Mad World Gary Jules
All these years, and you would not play it for me.
Sometimes, you would reach for it,
rest it across your thighs, and strum, haphazardly,
a few incomplete chords.
Why won’t you play? I wondered, afraid to ask,
but wishing for it as much as I longed to hear
you speak in your mother tongue.
(You were washing the dishes,
and watching out the window-
Say something for me? I urged.
And, gently, you spoke words
that swooped lazily across the sky
caught low in my backyard.
I asked what you had said,
and you told me you had made a poem
about the playful sweep of a brown bird
from walnut tree to roof.)
One time, you plucked carefully,
with the gentlest of moth feet,
and you sang a lullaby.
But, oh! it was over so quickly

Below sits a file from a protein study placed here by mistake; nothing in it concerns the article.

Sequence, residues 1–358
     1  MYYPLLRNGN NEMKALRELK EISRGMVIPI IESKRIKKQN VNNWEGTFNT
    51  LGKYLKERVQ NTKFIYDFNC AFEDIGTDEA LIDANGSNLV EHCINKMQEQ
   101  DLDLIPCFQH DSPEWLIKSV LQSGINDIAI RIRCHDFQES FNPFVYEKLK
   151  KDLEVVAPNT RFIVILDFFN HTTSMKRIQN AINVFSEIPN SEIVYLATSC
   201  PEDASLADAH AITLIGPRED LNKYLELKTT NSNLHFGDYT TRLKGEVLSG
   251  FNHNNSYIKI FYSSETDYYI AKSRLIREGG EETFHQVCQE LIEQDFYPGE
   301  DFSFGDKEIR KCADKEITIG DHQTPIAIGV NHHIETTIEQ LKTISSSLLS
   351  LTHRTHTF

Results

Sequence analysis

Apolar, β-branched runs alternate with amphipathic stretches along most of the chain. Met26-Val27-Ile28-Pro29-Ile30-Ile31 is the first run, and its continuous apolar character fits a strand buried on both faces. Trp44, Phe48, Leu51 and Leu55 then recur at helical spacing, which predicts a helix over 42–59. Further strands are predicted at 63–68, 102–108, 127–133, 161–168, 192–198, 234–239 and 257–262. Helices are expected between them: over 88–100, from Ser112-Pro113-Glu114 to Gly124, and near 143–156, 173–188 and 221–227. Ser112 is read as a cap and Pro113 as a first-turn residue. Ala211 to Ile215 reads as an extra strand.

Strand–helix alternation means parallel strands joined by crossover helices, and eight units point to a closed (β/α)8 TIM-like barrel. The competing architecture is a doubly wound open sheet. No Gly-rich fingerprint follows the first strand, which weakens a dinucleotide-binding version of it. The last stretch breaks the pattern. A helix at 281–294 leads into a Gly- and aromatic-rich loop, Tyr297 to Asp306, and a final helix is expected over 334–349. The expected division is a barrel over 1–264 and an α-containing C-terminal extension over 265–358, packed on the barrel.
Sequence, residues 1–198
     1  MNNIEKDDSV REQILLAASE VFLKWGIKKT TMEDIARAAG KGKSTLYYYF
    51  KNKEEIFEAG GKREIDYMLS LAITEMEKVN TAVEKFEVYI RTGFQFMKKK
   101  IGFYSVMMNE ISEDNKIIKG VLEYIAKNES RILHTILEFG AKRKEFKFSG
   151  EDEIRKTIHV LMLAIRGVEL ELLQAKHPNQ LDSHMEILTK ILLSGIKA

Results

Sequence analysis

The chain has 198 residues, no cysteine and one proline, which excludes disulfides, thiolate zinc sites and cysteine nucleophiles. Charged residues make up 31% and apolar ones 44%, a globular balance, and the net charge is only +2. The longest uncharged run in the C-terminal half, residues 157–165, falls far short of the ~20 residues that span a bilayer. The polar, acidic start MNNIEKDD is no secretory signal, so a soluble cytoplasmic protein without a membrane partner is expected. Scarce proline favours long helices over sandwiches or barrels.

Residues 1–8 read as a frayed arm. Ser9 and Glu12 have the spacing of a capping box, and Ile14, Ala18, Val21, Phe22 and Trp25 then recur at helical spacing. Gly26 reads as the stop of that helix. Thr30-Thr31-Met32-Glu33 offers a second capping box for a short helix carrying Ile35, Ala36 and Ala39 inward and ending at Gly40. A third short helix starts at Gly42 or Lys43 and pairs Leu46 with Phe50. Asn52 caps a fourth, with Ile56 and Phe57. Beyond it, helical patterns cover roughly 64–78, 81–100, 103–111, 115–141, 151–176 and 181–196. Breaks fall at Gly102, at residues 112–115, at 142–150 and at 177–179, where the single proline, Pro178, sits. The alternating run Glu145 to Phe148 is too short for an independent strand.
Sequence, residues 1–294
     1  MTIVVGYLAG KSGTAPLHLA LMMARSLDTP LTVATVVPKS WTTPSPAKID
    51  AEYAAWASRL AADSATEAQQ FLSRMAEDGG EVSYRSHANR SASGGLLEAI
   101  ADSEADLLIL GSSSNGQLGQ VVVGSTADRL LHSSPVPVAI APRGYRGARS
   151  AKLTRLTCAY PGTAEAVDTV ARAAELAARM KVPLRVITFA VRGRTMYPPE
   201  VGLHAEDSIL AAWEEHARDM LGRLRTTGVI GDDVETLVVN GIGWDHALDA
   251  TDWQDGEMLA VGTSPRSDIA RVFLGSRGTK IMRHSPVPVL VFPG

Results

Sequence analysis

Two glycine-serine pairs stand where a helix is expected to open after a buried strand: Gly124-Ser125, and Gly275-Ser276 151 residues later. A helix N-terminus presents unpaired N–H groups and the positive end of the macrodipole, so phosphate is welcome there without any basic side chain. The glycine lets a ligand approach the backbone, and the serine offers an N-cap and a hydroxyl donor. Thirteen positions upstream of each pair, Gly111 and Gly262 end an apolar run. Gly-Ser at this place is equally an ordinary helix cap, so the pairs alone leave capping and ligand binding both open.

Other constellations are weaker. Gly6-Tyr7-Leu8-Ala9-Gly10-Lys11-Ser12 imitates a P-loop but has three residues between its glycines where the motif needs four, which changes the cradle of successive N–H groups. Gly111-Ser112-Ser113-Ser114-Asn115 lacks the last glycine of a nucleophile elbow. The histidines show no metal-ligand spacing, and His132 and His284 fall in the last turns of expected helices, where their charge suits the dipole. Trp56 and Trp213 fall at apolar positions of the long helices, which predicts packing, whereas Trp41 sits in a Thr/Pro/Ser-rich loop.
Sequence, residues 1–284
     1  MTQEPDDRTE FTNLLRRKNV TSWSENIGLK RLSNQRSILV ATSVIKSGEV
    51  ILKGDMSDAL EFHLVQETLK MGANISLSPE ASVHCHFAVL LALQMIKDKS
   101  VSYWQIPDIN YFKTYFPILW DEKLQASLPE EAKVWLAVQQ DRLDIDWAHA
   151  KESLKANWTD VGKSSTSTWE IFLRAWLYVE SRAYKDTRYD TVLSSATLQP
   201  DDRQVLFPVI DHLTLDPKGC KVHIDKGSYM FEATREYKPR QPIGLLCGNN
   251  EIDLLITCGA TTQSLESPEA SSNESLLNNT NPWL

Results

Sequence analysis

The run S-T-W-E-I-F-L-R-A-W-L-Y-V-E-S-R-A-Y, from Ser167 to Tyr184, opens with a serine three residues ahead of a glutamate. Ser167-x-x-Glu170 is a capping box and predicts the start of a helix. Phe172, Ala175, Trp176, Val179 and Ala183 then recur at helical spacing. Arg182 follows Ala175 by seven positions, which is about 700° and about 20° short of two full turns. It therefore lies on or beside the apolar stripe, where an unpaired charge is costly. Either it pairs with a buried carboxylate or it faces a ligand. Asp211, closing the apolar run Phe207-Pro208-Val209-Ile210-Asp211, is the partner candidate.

and all that was left behind
the way that you can hear a windchime
in the distance, and stop, in silence,
to wait, unsure, for the sound to repeat itself.
I don’t know why you decided,
after so long,
to lift the timber hollow torso onto your lap
and start to play,
with your big, calloused hands-
the big-knuckled, square hands of a
Your square fingertips fumbled the strings
and you bent your silver-fox head forward
and started to whistle- breathily-
the tune of a sad and haunting song.
And then you started to sing.
And then it was one song after the other,
and, soon, I sang along with you,
and, after all these years, it was a communion,
it was the blameless coming together
we had never expected to have.
I didn’t want it to stop.
It was like when you find a white wallaby
grazing in your backyard by the sea, on an island,
in the dark, and you stand, frozen,
your bare feet on buffalo grass already icy with frost,
and you hold your breath,
not wanting to startle the creature:
alert, and white as a bowl of milk in the night,
and poised, ready to halt, look in your direction,
and spring away, barely ruffling the leaf litter
like one of those fleeting things
that you know may never happen again,
but that remain in your memory,
glowing and milk-white.